• New London Architecture (NLA) at The Building Centre is an exhibition centre dedicated to the future of the built environment in London that is open to the public free of charge six days a week. The capital is undergoing a period of massive change and NLA is a place where everyone - professionals, politicians and the public - can find out and get involved in what is happening to the city. NLA has over 2500 visitors a week to the public exhibitions, events, talks and lectures that are organised to encourage constant debate, learning and networking across the profession and local communities - www.newlondonarchitecture.org

• Principal Sponsors: Argyll, CABE, City of London, DTZ, Legal & General, Ramboll Whitbybird. 
Sponsors: Atkins, Buro Happold, Davis Langdon, Derwent London, English Partnerships, Grosvenor, Herman Miller, Minerva plc, Mott MacDonald, The Crown Estate, The Howard de Walden Estate, The Portman Estate, URS, Zumtobel Lighting.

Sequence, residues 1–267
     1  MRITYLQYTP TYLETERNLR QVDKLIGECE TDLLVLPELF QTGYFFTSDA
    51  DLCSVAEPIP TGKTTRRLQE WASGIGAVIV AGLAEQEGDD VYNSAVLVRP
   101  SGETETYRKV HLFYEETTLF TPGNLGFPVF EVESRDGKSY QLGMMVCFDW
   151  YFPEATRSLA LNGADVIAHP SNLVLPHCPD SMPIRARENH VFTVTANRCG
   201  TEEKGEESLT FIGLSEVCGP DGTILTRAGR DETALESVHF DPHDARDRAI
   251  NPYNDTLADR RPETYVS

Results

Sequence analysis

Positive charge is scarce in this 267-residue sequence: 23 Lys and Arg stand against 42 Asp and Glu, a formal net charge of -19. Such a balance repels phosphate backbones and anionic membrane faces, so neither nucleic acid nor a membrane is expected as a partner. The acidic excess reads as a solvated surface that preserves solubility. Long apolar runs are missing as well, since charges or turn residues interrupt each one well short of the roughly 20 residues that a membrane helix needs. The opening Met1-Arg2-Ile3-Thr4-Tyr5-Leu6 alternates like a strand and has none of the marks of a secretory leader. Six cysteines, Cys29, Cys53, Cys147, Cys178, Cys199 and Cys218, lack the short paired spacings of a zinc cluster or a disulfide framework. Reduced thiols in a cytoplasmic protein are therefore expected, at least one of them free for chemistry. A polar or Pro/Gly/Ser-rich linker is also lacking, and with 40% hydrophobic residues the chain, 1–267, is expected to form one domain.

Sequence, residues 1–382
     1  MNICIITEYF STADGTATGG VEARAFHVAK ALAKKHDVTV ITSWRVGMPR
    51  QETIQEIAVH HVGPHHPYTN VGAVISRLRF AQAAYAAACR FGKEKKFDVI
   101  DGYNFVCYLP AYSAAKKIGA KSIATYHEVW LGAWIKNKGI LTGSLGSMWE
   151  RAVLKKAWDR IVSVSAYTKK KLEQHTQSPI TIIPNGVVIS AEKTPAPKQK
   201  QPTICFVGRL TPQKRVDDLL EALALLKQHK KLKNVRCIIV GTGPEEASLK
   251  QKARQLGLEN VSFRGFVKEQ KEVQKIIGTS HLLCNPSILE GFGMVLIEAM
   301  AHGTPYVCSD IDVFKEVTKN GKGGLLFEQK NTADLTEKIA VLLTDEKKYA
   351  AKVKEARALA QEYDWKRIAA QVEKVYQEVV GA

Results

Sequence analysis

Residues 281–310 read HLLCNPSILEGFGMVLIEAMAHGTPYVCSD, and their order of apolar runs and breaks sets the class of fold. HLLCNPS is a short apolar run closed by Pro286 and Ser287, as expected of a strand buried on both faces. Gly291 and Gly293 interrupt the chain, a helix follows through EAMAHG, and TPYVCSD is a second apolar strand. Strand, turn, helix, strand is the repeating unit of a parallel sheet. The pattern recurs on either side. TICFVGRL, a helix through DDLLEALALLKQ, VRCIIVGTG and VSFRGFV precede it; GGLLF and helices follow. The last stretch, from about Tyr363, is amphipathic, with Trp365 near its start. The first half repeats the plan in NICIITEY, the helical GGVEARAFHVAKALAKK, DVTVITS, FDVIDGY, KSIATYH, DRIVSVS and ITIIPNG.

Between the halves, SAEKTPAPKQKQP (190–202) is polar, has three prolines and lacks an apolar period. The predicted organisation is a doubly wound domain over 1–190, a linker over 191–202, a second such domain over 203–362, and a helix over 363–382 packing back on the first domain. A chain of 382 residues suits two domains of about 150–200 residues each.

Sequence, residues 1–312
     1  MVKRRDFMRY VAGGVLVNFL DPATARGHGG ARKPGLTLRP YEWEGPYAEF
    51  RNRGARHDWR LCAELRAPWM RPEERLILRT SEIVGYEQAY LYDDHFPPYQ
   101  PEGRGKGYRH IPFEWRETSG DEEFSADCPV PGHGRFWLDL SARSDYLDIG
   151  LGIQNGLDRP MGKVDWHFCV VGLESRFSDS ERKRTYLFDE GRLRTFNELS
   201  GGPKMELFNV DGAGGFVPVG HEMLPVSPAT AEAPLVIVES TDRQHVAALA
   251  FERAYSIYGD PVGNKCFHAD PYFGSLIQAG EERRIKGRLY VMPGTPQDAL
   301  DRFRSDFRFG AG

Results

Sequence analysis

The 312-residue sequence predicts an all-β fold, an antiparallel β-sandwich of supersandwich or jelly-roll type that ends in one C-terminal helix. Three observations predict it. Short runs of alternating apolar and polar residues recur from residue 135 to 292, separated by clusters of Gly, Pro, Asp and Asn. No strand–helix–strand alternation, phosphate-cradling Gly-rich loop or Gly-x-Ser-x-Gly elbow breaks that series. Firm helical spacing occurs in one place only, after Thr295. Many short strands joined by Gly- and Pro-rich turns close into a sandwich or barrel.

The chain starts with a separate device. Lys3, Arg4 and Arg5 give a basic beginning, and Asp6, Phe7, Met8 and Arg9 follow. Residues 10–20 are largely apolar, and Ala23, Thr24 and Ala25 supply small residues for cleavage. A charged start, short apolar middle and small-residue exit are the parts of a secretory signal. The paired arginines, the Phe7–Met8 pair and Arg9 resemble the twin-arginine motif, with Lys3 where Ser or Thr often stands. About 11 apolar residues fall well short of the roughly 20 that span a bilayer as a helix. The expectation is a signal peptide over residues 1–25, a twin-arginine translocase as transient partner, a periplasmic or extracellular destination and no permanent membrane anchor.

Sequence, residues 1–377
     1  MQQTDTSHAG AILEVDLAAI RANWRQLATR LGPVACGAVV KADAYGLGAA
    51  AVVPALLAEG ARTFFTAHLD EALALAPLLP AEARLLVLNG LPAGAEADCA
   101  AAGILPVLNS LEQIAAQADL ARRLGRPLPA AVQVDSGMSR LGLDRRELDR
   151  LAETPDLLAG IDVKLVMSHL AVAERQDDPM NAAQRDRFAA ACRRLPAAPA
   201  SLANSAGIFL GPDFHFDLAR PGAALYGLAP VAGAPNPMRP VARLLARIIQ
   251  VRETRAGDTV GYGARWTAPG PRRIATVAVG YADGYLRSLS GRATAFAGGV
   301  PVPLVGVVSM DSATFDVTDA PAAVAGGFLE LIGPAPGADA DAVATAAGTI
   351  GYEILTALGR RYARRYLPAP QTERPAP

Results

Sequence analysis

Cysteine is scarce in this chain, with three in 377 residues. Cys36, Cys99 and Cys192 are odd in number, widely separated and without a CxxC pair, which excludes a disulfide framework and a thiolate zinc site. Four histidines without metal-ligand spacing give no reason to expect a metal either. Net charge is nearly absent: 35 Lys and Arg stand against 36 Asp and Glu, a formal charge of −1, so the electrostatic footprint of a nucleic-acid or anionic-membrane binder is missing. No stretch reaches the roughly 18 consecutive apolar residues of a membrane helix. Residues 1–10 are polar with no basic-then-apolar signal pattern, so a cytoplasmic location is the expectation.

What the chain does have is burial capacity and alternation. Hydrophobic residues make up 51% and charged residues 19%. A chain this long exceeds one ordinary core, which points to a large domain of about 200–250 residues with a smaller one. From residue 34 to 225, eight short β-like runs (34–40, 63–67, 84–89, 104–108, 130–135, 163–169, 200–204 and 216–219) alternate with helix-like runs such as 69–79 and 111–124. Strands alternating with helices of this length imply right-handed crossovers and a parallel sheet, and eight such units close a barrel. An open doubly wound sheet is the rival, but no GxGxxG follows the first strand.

Partners: Arup, Assael Architecture, BDP, Beetham Organisation, bptw partnership, British Council for Offices, British Land, British Waterways, Broadgate Estates, Broadway Malyan, Buro Four, Butler & Young Group, Child Graddon Lewis Architects, Colliers CRE, David Chipperfield Architects, Development Securities, EPR, Foster + Partners, Gardiner & Theobald, GL Hearn, GMW Architects, Great Portland Estates, Hayes Davidson, Hines, HLM Architects, HOK, Holder Mathias Architects, HTA Architects, Hurford Salvi Carr, International Art Consultants, Jackson Coles, Jones Lang LaSalle, L&Q Group, London Borough of Newham, London Borough of Southwark, London Communications Agency, London Development Agency, PKS Architects, Pipers, Pollard Thomas Edwards Architects, PRP Architects, Pringle Brandon, Prudential, RMJM, Rolfe Judd Ltd, Sidell Gibson, Skidmore Owings & Merrill Inc, Stanhope, ttsp, Waterman, Westfield, Wordsearch, Workplace Intelligence